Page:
Whole genome resequencing experiments are performed to systematically identify genomic variations. For example, the complete genome of a single bos taurus
animal was sequenced to identify millions of previously unknown cattle SNPs [28
]. In another work, artificial mutations that are responsible for phenotypes in caenorhabditis elegans
could be identified thanks to whole genome sequencing [38
]. Distilling the huge quantity of information into meaningful lists of SNPs is a multi-step bioinformatics process. NovelSNPer
is an easy to use tool that helps scientists with the analysis of next-generation sequencing data. Lengthy lists of SNPs from next-generation resequencing projects are efficiently assessed and annotated with the most important SNP features. Of outmost interest is the functional class of an SNP. SNPs involving stop gains (nonsense mutations) should in most cases mediate severe impairment of a protein's functioning. Non-synonymous SNPs can also entail a modification of a protein's conformation depending on how dissimilar the exchanged amino acids are. Whereas these two classes of SNPs can have a more or less direct effect on a protein (see, e.g., [39
]), SNPs in untranslated regions (UTRs), introns, and up- and downstream regions have the potential to alter the binding behaviour of transcription factors or splice factors and, thus, to alter gene expression, indirectly.
Finally, variations in the immediate neighbourhood of exon-intron boundaries could influence the splicing process of a transcript. One important type of genomic variation are frame shifts, that is, disruptions of the reading frame. This variation is mediated by indels of one nucleotide or of a stretch of nucleotides whose length is not a multiple of three into the coding part of a gene.
Two more variation features permit life scientists to assess the severeness of the consequences a variation can have: (a) the protein domain [26
] that is affected by an indel or a nonsynonymous SNP and (b) the difference between observed and expected conservation score [27
]. A great difference between observed and expected conservation score suggests that there is negative selection pressure more than expected to maintain the nucleotide at that position. A variation at such a position should therefore be likely to have negative consequences for the phenotype. Protein domains can be considered as protein building blocks that occur in various proteins within a species and across species. They are more conserved than those parts of the protein that are not organized in protein domains. A non-synonymous SNP that leads to the exchange of an amino acid that is part of a protein domain should therefore have more severe consequences for the phenotype than a non-synonymous SNP that affects an amino acid outside a protein domain.
is one of the few tools that explicitly classifies variations as POTENTIAL_START_GAINED
if they mediate between a start codon and a non-start codon in the assembly and the reference sequence. We found such a classification only in the Mouse SNP database by the Center for Genome Dynamics of the Jackson Laboratory http://cgd.jax.org/cgdsnpdb/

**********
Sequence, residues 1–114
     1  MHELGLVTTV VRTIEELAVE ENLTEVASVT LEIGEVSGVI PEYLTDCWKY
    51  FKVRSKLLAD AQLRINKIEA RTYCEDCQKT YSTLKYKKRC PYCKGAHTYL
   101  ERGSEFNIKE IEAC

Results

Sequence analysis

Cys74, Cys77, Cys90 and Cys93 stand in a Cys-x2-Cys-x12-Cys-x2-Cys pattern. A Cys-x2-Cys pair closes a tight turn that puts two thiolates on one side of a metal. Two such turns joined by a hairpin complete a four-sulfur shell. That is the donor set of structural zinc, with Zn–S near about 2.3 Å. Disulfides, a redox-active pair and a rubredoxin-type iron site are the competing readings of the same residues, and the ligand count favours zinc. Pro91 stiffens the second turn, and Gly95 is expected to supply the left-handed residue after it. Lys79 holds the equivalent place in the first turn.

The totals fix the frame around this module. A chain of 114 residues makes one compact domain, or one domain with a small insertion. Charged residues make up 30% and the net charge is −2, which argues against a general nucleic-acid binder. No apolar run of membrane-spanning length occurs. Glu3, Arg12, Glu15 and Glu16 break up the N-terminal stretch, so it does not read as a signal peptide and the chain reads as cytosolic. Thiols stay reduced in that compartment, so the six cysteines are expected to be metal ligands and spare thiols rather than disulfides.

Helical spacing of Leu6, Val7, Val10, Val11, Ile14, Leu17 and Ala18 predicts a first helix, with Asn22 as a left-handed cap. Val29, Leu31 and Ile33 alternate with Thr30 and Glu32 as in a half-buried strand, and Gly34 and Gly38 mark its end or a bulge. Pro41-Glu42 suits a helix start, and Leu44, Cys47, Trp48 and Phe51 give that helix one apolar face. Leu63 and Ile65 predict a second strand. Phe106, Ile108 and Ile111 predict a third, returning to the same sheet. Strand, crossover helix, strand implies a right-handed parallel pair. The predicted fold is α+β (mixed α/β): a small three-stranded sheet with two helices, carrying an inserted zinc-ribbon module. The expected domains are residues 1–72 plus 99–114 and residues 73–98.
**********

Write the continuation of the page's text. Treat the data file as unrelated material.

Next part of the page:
A reason why other tools or databases are obviously reluctant to use these two classes might be that a start codon alone is not sufficient to predict the translation start for sure. A variation which is classified as POTENTIAL_START_GAINED
is a potential
new start codon that competes with the previously existing start codon (if this has remained unaltered). In contrast, a START_LOST
variation can be considered as unambiguous signal that the translation start is shifted as compared to the wild type. Alternative translation start sites were discussed, for example, in [30
]. The figures that we presented in Section 3
suggest that the protein synthesis of quite a substantial number of genes can be altered by POTENTIAL_START_GAINED
or START_LOST variations. One percent of the genes appear to be susceptible to protein synthesis suppression altogether.
By querying the Ensembl database online, NovelSNPer
does not need to be maintained regularly. Its great value is furthermore that resequencing data from all species whose genome sequence is available in Ensembl can be processed. By using NovelSNPer
offline it is possible to annotate variations for all species as long as the genome-structure of the transcripts is available as BED file or GFF file [19
NovelSNPer completes the functionality of existing tools in many ways: variation calls are checked against the reference sequence to guarantee the correctness of the results, the usage of relative SNP positions is possible, the novel functional classes POTENTIAL_START_GAINED and START_LOST are introduced, heterozygous variation calls can be treated, there is no limit in the number of variations to be processed, and information about the degree of conservation and protein domains is presented. SNPs and indels can be processed alike.